There is strong political will for legislators to come down hard on the financial planning and wealth management industry, Bernie Ripoll, former Labor MP and architect of the Future of Financial Advice (FoFA) reforms, said.
“This will be a product of the sector’s own making,” Ripoll told Professional Planner. “The opportunity to self-regulate and make the best of reform has passed. Now it will be forced.”
The warning, from the man responsible for ushering in the most significant legislative reforms the industry has seen to date, comes on the heels of a speech by former Commonwealth Bank chief executive and incoming AMP chairman David Murray, who has tried to dampen political will to legislate the beleaguered industry.
At an American Chamber of Commerce in Australia lunch on Wednesday, Murray, who took his post on Thursday at AMP, the biggest target during the earlier sessions of the Royal Commission into Misconduct in the Banking, Superannuation and Financial Services Industry, said legislation targeting vertically integrated business models would risk removing a significant source of support for financial advice.
“Substantial consumer benefits can be derived from vertically integrated business models as a result of their scale and access to capital,” Murray told the audience, which included business executives and public policy professionals.
“They [vertically integrated institutions] have resources that can fund the investments needed to support large-scale product and advice platforms, can support systematic and comprehensive customer remediation in the event of misconduct, and can develop compliance systems that will evolve with regulation,” Murray outlined.
Murray’s support for the preservation of vertical integration, however, could be out of step with the political climate in Canberra, Ripoll reckons.
Conflicted remuneration and separation of product and advice are issues at the top of regulators’ lists at a time when there is strong political will for a crackdown on behaviour in the financial services sector, Ripoll commented.
“Anyone who knows politics knows there is never a balance, it’s a pendulum that swings,” Ripoll observed. “We are in an environment now where both major parties have everything to gain coming down hard on the financial services sector.”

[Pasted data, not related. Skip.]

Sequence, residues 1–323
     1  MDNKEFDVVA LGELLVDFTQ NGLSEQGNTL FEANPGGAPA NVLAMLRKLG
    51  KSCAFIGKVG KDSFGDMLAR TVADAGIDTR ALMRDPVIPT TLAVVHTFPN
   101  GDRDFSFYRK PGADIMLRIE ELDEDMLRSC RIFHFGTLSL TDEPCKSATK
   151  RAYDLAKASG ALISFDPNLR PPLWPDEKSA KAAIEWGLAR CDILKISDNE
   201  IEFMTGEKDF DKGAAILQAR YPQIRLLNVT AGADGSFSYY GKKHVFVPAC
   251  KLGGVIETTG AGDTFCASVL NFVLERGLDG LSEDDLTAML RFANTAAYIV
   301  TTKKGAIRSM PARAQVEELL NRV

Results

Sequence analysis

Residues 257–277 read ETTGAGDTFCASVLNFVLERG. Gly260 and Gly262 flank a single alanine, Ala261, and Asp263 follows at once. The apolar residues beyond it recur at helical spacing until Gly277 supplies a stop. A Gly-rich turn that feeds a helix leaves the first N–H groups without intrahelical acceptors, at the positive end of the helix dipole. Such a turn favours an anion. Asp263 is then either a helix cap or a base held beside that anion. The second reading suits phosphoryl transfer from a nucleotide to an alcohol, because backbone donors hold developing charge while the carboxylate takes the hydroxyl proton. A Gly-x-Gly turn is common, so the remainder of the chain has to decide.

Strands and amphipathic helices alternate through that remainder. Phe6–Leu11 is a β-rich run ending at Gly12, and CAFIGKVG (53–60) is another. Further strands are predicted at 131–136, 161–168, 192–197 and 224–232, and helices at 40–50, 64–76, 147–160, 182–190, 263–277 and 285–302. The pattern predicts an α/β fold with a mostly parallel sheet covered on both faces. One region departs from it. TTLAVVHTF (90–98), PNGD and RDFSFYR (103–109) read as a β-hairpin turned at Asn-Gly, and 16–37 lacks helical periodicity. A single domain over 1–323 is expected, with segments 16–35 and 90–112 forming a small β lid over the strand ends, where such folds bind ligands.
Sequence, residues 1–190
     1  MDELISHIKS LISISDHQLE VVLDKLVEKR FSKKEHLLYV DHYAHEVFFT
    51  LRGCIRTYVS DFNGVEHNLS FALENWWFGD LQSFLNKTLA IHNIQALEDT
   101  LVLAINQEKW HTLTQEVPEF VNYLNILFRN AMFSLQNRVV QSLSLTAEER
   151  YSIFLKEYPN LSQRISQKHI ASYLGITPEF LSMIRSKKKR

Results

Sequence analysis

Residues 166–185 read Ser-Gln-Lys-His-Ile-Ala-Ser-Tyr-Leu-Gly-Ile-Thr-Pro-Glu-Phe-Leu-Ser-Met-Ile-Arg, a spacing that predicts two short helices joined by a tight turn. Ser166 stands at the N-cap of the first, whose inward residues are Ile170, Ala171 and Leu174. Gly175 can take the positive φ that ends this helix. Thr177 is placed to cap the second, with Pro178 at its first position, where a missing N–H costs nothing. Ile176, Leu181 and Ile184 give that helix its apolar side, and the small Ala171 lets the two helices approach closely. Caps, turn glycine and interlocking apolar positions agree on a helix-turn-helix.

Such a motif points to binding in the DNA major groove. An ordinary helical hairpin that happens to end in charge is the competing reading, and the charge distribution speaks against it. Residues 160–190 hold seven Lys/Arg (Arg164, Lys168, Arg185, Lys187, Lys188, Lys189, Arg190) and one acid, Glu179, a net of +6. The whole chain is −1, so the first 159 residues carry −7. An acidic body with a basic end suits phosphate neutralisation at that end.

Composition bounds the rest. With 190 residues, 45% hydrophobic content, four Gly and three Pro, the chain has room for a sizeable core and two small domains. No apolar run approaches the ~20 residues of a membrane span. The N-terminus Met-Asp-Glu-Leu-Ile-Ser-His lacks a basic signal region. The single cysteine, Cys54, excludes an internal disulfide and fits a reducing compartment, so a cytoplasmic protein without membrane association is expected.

He reflected on his time as the Parliamentary Secretary to the Treasurer, shadow minister for financial services and chair of the enquiry that led to the development of the FoFA legislation, saying it’s possible the legislation didn’t go hard enough to stamp out conflicted payment and business models.
The 2012 Future of Financial Advice reforms informed the Financial Services Inquiry in 2014, which made significant recommendations regarding the provision of financial advice.
Ripoll, now a director of consultancy SAS Group, said he expected government to move quickly to regulate the industry, possibly even before the final recommendations from the royal commission, which are expected in February.
Ripoll pointed to Minister for Revenue and Financial Services Kelly O’Dwyer’s plan to cap fees on low-balance super accounts at 3 per cent of an account’s total value as an example of politicians moving early to curb behaviour.
“The race is on,” he said. “I think there will be an election earlier than a lot of people think and the government will probably want to move ahead of time.”
Ripoll highlighted the decision by BT Financial Group this week to abolish grandfathered commissions on its products as the direction those looking to get ahead of the curve would be heading.
“Everyone is sick of misconduct,” he said. “FoFA has delivered as much as it could have. We are now realising it [FoFA] didn’t go far enough… I think we are seeing a perfect storm for politicians to come down hard on the industry.”